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Workshop on the Integration of Education in the Humanities, Science, Engineering and Medicine


A committee of the National Academies of Sciences, Engineering, and Medicine’s Board on Higher Education and Workforce convened a workshop on December 2, 2015 to engage college and university faculty and administrators, scientists and engineers, health professionals, humanists, artists, federal agency officials, business leaders, Congressional staff, and others on the topic of “Integrating Education in the Arts and Humanities with Education in STEM. More than 100 participants spent the day focused on the key issues in integrating humanities education with STEM education. Please find the meeting materials below: 

- Agenda
- Participant List
- "Often Asserted, Rarely Measured: The Value of Integrating Humanities, STEM, and Arts in Undergraduate Learning" By Hannah Stewart-Gambino and Jenn Stroud Rossman
- Powerpoint Presentation: "Often asserted, rarely measured: The value of (re)integrating humanities, STEM, and arts in undergraduate learning" By Hannah Stewart-Gambino and Jenn Stroud Rossman
- "Why the Hard Science of Engineering is No Longer Enough to Meet the 21st Century Challenges" By Richard K. Miller


As BHEW embarks on new projects aimed at improving the understanding and application of science, engineering and medicine toward the social, economic and cultural well-being of the nation and planet, we believe it is critical to work with partners in the humanities for their input and engagement. While our focus is developing policy recommendations that improve science, engineering and health education and training in our nation’s colleges and universities, a broader goal is to enable all citizens to have enriching and meaningful lives. 

As such, we believe the higher education and public policy communities would benefit from an exploration of effective strategies to link educational experiences in science, engineering and medicine within rich experiences in the humanities—including literature, history, philosophy, arts, language, religion, and area studies.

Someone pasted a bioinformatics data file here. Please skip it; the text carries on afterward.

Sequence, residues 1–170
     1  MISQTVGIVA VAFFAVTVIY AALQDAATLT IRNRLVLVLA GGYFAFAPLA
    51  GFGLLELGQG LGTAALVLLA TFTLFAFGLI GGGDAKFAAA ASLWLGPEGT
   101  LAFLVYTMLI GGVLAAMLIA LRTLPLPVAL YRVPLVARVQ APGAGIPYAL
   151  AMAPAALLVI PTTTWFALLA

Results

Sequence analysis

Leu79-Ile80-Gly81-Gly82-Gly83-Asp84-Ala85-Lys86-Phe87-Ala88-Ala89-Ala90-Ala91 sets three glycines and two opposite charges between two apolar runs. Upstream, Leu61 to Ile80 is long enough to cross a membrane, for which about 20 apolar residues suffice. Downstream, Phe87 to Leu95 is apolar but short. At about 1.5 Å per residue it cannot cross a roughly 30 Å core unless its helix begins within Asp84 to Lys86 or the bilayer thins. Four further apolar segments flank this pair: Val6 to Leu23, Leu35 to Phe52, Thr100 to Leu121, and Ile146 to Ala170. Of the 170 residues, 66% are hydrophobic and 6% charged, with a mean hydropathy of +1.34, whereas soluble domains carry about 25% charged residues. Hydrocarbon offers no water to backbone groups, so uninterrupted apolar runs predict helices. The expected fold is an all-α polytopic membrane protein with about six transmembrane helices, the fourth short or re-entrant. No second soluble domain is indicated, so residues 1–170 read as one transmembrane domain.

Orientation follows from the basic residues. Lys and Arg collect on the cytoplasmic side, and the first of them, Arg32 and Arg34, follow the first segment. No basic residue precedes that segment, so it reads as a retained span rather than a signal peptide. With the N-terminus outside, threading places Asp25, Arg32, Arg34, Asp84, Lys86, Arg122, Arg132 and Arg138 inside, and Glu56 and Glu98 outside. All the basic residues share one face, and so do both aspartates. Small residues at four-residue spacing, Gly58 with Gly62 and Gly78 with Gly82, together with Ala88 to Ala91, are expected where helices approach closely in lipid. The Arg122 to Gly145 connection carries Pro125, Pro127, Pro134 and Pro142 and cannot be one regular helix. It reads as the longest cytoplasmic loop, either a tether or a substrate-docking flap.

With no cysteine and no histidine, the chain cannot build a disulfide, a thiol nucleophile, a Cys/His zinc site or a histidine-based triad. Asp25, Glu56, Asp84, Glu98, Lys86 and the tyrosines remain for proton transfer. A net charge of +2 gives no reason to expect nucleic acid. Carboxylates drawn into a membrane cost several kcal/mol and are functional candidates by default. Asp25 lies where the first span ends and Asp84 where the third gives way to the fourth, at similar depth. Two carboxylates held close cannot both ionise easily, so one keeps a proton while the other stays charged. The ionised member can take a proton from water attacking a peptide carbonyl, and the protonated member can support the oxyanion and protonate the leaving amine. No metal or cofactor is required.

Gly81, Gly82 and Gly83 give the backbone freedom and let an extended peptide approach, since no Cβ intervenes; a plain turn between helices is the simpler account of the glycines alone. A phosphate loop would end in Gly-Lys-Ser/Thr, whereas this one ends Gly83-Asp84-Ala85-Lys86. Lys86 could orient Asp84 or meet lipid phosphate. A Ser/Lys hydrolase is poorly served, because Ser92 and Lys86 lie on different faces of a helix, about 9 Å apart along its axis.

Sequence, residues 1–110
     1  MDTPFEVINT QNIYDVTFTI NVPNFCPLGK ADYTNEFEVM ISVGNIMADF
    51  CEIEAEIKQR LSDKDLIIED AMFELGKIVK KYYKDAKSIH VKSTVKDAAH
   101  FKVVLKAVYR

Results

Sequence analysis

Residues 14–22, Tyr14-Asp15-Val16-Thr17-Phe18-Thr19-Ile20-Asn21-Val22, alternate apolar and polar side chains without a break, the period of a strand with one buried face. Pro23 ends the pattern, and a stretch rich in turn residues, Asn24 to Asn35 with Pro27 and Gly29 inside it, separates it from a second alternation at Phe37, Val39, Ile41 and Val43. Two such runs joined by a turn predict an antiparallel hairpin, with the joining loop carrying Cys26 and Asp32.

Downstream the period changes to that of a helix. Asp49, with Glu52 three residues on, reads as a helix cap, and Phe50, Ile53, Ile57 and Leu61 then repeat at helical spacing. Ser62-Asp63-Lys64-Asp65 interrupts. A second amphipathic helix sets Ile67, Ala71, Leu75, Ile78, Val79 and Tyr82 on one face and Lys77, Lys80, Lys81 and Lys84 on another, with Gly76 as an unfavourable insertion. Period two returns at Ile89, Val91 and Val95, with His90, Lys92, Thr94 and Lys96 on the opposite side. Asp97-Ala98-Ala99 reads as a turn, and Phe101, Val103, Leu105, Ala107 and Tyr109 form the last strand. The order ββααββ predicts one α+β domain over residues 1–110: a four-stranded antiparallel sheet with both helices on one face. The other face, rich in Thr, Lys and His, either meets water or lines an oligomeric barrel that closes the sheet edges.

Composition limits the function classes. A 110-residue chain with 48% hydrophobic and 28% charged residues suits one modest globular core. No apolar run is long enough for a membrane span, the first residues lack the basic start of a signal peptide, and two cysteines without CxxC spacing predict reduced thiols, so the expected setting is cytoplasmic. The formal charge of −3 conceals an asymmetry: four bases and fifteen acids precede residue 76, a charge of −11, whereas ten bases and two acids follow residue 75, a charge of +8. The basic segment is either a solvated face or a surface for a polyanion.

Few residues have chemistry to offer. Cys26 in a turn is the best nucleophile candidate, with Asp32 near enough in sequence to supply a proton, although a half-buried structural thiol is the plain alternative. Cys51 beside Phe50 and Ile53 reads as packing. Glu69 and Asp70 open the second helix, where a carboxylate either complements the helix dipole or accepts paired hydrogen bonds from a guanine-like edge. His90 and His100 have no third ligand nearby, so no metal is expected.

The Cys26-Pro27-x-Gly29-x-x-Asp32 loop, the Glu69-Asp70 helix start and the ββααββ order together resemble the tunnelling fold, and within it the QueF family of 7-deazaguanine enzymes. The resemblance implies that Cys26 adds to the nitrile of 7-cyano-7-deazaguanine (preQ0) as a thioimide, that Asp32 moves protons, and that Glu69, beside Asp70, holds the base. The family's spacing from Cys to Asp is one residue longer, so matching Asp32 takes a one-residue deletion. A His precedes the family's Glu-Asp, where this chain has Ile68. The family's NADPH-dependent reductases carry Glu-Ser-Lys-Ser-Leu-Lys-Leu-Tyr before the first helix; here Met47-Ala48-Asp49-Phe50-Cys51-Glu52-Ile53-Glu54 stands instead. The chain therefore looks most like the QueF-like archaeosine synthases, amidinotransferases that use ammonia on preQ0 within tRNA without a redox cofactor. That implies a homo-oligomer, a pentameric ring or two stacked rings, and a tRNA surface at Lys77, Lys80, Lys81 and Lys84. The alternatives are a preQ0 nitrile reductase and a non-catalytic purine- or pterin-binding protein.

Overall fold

A Workshop Hosted by the Board on Higher Education and Workforce of the

National Academies of Sciences, Engineering, and Medicine

December 2, 2015

This workshop is intended for college and university faculty and administrators, scientists and engineers, health professionals, humanists, artists, federal agency officials, business leaders, Congressional staff, and other stakeholders interested in exploring the benefits of more integrated educational experiences at the undergraduate and graduate levels. 

Sponsored by the Andrew W. Mellon Foundation 


Key Issues to be addressed at the workshop:

  • The value of incorporating curricula and experiences in the arts and humanities--including history, literature, language, philosophy, and the arts--into college and university STEM education and workforce training programs, and understanding whether and how these experiences:  1) prepare STEM students and workers to be more effective communicators, critical thinkers, problem-solvers and leaders; and   2) prepare STEM graduates to be more creative and effective scientists, engineers, technologists and health care providers.
  • The value of integrating more STEM curricula and experiences into the academic programs of students who are majoring in the humanities, arts and related disciplines.
  • Understanding how a more integrated liberal arts curriculum, relative to current approaches, can better prepare students for success as both citizens and workers, and help prepare them to responsibly address the most compelling grand challenges facing our society, such as global stewardship, health care for our youngest and oldest citizens, and gene editing. 



A workshop summary report will be issued at the end of the project. 


William “Bro” Adams
Chair, National Endowment for the Humanities

Susan Albertine
Vice President, Office of Diversity, Equity, and Student Success, Association of American Colleges and Universities

Laurie Baefsky
Executive Director, Alliance for the Arts in Research Universities (a2ru) and the University of Michigan’s ArtsEngine

Norman Bradburn
Tiffany and Margaret Blake Distinguished Service Professor Emeritus, University of Chicago’s Irving B. Harris Graduate School of Public Policy Studies, Department of Psychology, Booth School of Business and the College, and Senior Fellow at NORC, University of Chicago

Martin Chalfie
University Professor in the Department of Biological Sciences at Columbia University, and co-recipient of the 2008 Nobel Prize for Chemistry

Ed Derrick
Director , American Association for the Advancement of Science (AAAS) Center of Science, Policy & Society Programs

Richard K. Miller
President, Olin College

Suzanna Rose
Director, School of Integrated Science and Humanity, and Professor of Psychology and Women’s Studies, Florida International University

Pauline Yu
President, American Council of Learned Societies